Book Review: A Field Guide to Getting Lost

Posted on September 07 2018



In this day and age in which most of us fear getting lost in a place unknown to us, or losing things, memories, people, or ourselves, Rebecca Solnit makes a case for the value in loss and losing. This part-memoir, part-history-cum-travel book offers new perspectives on looking at the world around us and at nature, a force that will remain constant even as the inner workings of our mind fray and betray us in seasons of loss and being lost.

A particularly poignant theme in this book is the colour blue, widely discussed in a running thread of chapters with the same title, ‘The Blue of Distance’. A possible echo of the observation made by Solnit herself on the blue hues of the water and the sky -

“The world is blue at its edges and in its depths. This blue is the light that got lost. Light at the blue end of the spectrum does not travel the whole distance from the sun to us. It disperses among the molecules of the air, it scatters in water. Water is colorless, shallow water appears to be the color of whatever lies underneath it, but deep water is full of this scattered light, the purer the water the deeper the blue.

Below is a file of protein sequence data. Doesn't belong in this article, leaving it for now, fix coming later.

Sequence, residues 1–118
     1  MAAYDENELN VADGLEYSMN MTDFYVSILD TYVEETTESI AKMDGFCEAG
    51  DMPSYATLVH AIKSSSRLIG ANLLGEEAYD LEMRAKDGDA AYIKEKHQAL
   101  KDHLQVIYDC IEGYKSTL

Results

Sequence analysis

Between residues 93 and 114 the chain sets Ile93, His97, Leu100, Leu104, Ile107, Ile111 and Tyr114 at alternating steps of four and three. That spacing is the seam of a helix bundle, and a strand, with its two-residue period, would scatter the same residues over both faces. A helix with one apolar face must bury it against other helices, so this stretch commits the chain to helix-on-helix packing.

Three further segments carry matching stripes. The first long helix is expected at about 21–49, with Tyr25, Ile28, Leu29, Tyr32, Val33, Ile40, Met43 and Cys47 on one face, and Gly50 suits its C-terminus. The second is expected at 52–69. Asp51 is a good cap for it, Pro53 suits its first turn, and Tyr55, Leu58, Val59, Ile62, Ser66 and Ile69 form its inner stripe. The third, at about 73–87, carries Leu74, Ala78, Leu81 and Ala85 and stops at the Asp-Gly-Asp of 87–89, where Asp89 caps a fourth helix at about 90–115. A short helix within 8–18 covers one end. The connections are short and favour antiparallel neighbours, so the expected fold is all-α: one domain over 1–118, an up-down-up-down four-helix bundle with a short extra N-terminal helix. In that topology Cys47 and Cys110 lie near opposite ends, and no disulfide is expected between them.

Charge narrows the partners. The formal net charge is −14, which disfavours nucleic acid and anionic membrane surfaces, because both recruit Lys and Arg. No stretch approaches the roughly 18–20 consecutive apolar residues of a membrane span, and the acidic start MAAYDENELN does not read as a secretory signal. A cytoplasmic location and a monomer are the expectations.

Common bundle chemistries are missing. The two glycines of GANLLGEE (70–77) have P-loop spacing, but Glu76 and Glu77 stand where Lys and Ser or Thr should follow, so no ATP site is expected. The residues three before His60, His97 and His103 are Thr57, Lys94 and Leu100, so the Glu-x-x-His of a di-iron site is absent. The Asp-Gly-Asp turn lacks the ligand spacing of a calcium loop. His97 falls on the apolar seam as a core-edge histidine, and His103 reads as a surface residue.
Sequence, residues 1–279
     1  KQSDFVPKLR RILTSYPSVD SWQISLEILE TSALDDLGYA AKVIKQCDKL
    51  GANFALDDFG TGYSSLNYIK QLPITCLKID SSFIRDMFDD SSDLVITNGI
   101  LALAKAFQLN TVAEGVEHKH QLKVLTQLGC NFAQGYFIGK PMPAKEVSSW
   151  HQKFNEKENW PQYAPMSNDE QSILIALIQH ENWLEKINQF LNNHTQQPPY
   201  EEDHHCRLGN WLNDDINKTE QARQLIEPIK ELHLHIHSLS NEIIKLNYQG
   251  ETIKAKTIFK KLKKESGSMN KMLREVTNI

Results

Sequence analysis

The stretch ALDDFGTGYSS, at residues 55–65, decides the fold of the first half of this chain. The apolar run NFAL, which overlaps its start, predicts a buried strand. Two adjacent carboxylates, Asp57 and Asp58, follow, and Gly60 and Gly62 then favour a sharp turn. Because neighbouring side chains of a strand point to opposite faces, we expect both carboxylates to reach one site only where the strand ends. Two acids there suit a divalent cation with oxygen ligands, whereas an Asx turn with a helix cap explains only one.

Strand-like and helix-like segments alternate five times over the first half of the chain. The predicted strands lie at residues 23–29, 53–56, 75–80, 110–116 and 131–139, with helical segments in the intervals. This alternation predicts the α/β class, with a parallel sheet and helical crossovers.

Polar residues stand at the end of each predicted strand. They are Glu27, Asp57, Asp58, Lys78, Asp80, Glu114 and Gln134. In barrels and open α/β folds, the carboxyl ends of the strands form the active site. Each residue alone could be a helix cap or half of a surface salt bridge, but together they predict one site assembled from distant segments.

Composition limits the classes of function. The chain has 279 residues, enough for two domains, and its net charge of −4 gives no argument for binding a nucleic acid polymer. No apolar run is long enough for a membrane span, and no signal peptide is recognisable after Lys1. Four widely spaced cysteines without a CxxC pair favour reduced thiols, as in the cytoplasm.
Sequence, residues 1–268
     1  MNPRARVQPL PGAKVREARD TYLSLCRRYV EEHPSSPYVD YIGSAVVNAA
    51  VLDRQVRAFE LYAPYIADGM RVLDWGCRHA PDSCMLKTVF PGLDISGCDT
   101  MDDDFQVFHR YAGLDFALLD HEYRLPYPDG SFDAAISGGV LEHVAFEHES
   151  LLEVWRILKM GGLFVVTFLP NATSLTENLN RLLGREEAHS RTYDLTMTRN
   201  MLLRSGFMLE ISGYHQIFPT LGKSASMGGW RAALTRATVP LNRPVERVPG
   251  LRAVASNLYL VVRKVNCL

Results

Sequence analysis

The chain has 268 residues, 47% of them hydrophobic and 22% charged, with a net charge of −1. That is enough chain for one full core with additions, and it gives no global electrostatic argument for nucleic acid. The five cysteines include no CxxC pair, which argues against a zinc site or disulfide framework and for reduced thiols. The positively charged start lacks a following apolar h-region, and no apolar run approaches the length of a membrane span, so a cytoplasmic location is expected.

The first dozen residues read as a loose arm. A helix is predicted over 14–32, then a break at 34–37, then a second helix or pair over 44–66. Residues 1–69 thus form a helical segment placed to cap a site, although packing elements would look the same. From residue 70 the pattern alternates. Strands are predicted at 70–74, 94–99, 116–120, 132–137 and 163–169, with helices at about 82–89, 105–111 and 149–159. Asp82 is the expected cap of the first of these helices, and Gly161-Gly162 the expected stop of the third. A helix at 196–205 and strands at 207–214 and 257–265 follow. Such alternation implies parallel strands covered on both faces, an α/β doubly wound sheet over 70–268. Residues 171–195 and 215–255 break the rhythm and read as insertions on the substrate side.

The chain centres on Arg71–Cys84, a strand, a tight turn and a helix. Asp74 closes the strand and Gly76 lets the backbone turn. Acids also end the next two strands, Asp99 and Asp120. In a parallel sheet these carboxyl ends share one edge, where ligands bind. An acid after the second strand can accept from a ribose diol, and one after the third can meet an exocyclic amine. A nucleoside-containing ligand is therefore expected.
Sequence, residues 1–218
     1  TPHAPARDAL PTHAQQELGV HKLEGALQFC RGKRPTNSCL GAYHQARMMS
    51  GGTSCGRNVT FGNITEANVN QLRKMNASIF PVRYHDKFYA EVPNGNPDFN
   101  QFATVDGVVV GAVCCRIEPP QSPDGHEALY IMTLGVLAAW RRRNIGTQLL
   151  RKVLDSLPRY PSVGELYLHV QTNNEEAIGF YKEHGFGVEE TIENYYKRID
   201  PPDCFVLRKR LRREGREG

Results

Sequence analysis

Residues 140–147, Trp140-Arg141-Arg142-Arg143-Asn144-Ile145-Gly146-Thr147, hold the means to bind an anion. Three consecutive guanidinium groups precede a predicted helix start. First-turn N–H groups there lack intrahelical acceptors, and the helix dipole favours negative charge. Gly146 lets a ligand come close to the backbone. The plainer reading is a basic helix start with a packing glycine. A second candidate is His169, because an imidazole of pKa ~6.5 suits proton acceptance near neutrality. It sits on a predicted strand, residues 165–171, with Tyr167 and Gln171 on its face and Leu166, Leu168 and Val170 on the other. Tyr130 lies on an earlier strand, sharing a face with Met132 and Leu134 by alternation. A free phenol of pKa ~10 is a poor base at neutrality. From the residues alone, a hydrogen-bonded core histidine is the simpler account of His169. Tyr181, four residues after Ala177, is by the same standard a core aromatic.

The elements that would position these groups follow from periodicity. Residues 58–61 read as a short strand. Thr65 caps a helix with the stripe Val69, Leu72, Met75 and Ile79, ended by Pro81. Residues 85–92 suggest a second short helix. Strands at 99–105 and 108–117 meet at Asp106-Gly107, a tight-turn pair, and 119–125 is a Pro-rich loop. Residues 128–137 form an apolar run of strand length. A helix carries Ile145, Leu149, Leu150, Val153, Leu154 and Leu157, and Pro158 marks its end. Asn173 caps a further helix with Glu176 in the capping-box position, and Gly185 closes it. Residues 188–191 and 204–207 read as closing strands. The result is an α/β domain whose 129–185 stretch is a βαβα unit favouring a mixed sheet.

The sky is blue for the same reason, but the blue at the horizon, the blue of land that seems to be dissolving into the sky, is a deeper, dreamier, melancholy blue, the blue at the farthest reaches of the places where you see for miles, the blue of distance. This light that does not touch us, does not travel the whole distance, the light that gets lost, gives us the beauty of the world, so much of which is in the color blue.”


And with that, she continues,

“For many years, I have been moved by the blue at the far edge of what can be seen, that color of horizons, of remote mountain ranges, of anything far away. The color of that distance is the color of an emotion, the color of solitude and of desire, the color of there seen from here, the color of where you are not. And the color of where you can never go. For the blue is not in the place those miles away at the horizon, but in the atmospheric distance between you and the mountains.”


Solnit’s ‘A Field Guide to Getting Lost’ lays bare the author’s personal experiences and explorations of loss and losing with a tender vulnerability that both a celebrates and identifies loss as a natural occurrence in the physical world around us, and offers a comforting reflection of life that teaches us to embrace all of its wonder amidst the heartache.


By Cheryl Tan


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